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We begin this chapter by showing the approaches to scheduling the various ETL system jobs, responding to alerts and exceptions, and finally running the jobs to completion with all dependencies satisfied.
We walk through the steps to migrate the ETL system to the production environment. Since the production environment of the ETL system must be supported like any other mission-critical application, we describe how to set up levels of support for the ETL system that must be utilized upon failure of a scheduled process.
We identify key performance indicators for rating ETL performance and explore how to monitor and capture the statistics. Once the ETL key performance indicators are collected, you are armed with the information you need to address the components within the ETL system to look for opportunities to modify and increase the throughput as much as possible.
Chapter 9: Metadata
The ETL environment often assumes the responsibility of storing and managing the metadata for the entire data warehouse. After all, there is no
better place than the ETL system for storing and managing metadata because the environment must know most aspects of the data to function properly. Chapter 9 defines the three types of metadata—business, technical, and process—and presents the elements within each type as they apply to the ETL system. The chapter offers techniques for producing, publishing, and utilizing the various types of metadata and also discusses the opportunity for improvement in this area of the data warehouse. We finish the chapter by discussing metadata standards and best practices and provide recommended naming standards for the ETL.
Chapter 10: Responsibilities
The technical aspects of the ETL process are only a portion of the ETL lifecycle. Chapter 10 is dedicated to the managerial aspects of the lifecycle required for a successful implementation. The chapter describes the duties and responsibilities of the ETL team and then goes on to outline a detailed project plan that can be implemented in any data warehouse environment. Once the basics of managing the ETL system are conveyed, the chapter dives into more-detailed project management activities such as project staffing, scope management, and team development. This somewhat nontechnical chapter provides the greatest benefit to ETL and data warehouse project managers. It describes the roles and skills that are needed for an effective team; and offers a comprehensive ETL project plan that can be repeated for each phase of the data warehouse. The chapter also includes forms that managers need to lead their teams through the ETL lifecycle. Even if you are not a manager, this chapter is required reading to adequately understand how your role works with the other members of the ETL team.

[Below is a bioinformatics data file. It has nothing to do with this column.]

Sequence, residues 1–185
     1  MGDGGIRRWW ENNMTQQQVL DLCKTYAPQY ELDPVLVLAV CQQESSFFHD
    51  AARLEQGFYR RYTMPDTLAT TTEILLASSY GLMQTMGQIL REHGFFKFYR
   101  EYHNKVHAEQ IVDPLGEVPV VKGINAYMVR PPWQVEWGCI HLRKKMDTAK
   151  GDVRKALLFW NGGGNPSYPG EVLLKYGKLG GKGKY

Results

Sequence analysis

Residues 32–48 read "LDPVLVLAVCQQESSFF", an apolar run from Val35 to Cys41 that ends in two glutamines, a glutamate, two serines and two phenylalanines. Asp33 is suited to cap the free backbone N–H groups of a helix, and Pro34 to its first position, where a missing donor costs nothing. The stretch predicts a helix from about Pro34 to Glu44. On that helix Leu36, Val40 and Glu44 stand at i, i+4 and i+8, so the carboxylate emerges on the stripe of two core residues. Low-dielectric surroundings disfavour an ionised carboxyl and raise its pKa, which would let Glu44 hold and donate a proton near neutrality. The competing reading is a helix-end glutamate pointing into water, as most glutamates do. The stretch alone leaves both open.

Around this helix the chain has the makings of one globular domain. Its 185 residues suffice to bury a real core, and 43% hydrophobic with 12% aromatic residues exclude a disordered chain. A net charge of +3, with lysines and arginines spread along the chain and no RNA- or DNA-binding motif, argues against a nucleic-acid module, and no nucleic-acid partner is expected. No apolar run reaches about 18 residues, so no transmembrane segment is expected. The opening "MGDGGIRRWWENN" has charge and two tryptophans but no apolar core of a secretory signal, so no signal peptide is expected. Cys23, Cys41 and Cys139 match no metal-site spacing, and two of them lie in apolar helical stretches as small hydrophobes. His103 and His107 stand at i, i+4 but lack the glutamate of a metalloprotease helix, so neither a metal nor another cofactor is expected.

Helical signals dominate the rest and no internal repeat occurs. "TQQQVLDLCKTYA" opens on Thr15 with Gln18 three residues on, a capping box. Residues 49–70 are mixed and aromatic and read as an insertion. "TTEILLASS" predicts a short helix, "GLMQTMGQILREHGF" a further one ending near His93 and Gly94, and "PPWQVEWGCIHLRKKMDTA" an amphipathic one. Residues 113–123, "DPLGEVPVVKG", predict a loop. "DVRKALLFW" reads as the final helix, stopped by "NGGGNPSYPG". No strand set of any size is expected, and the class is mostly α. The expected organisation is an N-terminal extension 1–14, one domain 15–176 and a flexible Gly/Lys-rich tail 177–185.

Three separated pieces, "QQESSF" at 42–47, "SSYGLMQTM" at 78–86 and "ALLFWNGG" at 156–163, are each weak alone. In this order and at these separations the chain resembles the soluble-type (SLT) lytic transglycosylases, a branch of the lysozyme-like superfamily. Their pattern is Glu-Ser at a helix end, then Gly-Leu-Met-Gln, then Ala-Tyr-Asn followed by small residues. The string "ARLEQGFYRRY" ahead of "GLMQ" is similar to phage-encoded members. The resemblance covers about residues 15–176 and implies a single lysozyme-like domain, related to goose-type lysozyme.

Part IV: Real Time Streaming ETL Systems
Since real-time ETL is a relatively young technology, we are more likely to come up against unique requirements and solutions that have not yet been perfected. In this chapter, we share our experiences to provide insight on the latest challenges in real-time data warehousing and offer recommendations on overcoming them. The crux of real-time ETL is covered in this chapter, and the details of actual implementations are described.
Chapter 11: Real-Time ETL
In this chapter, we begin by defining the real-time requirement. Next, we review the different architecture options available today and appraise each. We end the chapter with a decision matrix to help you decide which realtime architecture is right for your specific data warehouse environment.
Chapter 12: Conclusion
The final chapter summarizes the unique contributions made in this book and provides a glimpse into the future for ETL and data warehousing as a whole.
Who Should Read this Book
Anyone who is involved or intends to be involved in a data-warehouse initiative should read this book. Developers, architects, and managers will benefit from this book because it contains detailed techniques for delivering a dimensionally oriented data warehouse and provides a project management perspective for all the back room activities.
Chapters 1,2, and 10 offer a functional view of the ETL that can easily be read by anyone on the data warehouse team but is intended for business sponsors and project managers. As you progress through these chapters, expect their technical level to increase, eventually getting to the point where it transforms into a developers handbook. This book is a definitive guide for advice on the tasks required to load the dimensional data warehouse.
The goal of this book is to make the process of building an ETL system understandable with specific checkpoints along the way. This book shows the often under-appreciated value the ETL system brings to data warehouse data. We hope you enjoy the book and find it valuable in your workplace. We intentionally remain vendor-neutral throughout the book so you can apply the techniques within to the technology to your liking. If this book accomplishes nothing else, we hope it encourages you to get thinking and start breaking new ground to challenge the vendors to extend their product offerings to incorporate the features that the ETL team requires to bring the ETL (and the data warehouse) to full maturity.